Ensures clinic capacity is directed to patients who need to be seen by a specialist, meaning more cost-effective use of clinician time and expertise.
Provides more elective specialist advice digitally rather than face-to-face, which allows flexibility of service delivery and reduces pressure on clinic space and administrative services.
Provides an education resource for teaching healthcare professionals and doctors in training which may help with the future management of patients.
Provides a digital record of advice and guidance communication for patient care, service evaluation and audit, providing advantages over telephone, paper and e-mail advice and guidance.
An advice and guidance request, converted into a referral, allows clinicians to see the entire conversation with any attachments, enabling visibility of the whole referral pathway at the point of referral.
Allows consultants to specify inclusion and exclusion criteria for advice and guidance services (as for clinic referrals) in the directory of services (DOS) and regularly review the DOS in e-RS.
Advice and guidance requests can be accessed and responses can be sent remotely, at any time (within agreed turn-around times), providing flexibility in service delivery.
Advice and guidance can be incorporated into a clinician's schedule through local negotiation.
May reduce demand in high volume elective care specialities with long waiting times by improving patient care at the primary and secondary care interface.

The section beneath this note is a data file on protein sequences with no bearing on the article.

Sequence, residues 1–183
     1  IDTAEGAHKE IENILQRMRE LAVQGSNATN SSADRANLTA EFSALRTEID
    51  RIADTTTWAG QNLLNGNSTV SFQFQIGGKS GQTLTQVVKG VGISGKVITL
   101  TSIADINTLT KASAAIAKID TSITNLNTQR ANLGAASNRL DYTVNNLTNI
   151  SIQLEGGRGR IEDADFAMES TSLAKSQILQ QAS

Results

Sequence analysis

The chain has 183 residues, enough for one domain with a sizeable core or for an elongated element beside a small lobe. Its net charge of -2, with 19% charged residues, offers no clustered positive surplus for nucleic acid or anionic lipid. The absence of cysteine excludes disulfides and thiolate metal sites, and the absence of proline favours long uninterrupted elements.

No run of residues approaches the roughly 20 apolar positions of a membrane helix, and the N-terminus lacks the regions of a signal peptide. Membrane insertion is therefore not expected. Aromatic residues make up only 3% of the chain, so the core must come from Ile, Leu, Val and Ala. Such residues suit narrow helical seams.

Advice can be given regarding appropriate diagnostic tests or treatments required before an appointment is booked.
Referrals can be directed to the correct consultant, which is especially useful if named clinician referrals are enabled.
Patients referred to a clinic following advice and guidance may be further along their care pathway and may require fewer follow up appointments in secondary care.
Helps ensure that the patient's pathway is kept to a minimum and that delays are not introduced due to the need to redirect patients.
If only clinically appropriate patients are booked into a clinic, there will be an ease on the demand for a service, as inappropriate patients are not taking appointment slots that are needed by others.
If the patient is booked into the right place at the right time, less administrative time is taken up ensuring the patient is moved and seen by the correct service.
Gives access to system data to show how using advice and guidance can reduce outpatient appointments and supports use of tarrifs, service review and capacity demand management.